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Optimal Strategies for Monitoring Irrigation Water Quality and the Development of Guidelines for the Irrigation of Food Crops

The quality of irrigation water drawn from surface water sources can vary greatly. This is particularly true for waters that are subject to intermittent contamination events such as runoff or direct entry of livestock upstream of use. Such pollution in irrigation systems increases the risk of food crop contamination. A single sample does not adequately characterize the risk potential present in large irrigation systems often utilized in the Southwestern US. This project aimed to define optimal monitoring strategies for irrigation water quality and develop guidelines for the irrigation of food crops. Following the analysis of 1,367 samples for Escherichia coli and physical and environmental parameters, the following key irrigation water collection approaches are suggested: 1) Explore up to 600m upstream to ensure no major contamination or outfalls exists; 2) Sample before noon; 3) Collect samples at any point across the canal where safe access is available; 4) Collect samples at the surface of the water; and 5) Composite five samples and perform a single E. coli assay. These recommendations consider the entirety of our data as well as sampling costs, personnel effort, and scientific knowledge of water quality characterization in the Southwest region. These guidelines will better characterize risks from microbial pathogen contamination in irrigation waters and aid in risk reduction practices for agricultural water.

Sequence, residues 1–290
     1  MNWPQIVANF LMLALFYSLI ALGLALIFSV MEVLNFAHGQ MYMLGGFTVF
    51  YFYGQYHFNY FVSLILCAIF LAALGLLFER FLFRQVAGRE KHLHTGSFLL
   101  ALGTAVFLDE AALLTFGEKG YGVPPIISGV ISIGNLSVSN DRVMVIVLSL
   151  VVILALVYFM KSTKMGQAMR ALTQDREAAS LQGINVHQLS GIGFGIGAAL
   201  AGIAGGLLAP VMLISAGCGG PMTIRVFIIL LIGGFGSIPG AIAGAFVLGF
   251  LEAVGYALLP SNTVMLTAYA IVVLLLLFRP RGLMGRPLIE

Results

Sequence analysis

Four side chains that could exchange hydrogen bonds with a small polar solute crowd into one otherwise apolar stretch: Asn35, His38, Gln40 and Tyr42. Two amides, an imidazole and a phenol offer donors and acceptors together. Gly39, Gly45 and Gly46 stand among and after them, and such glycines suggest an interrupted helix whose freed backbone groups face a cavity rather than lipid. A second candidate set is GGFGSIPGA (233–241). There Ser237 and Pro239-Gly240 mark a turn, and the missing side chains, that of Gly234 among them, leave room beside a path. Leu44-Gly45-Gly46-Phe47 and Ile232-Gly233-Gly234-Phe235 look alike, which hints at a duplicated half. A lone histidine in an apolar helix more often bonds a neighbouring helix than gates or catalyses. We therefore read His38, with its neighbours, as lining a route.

Start Year: 
2015
End Year: 
2016
Researchers: 
Marc Verhougstraete
Kelly Reynolds

The University of Arizona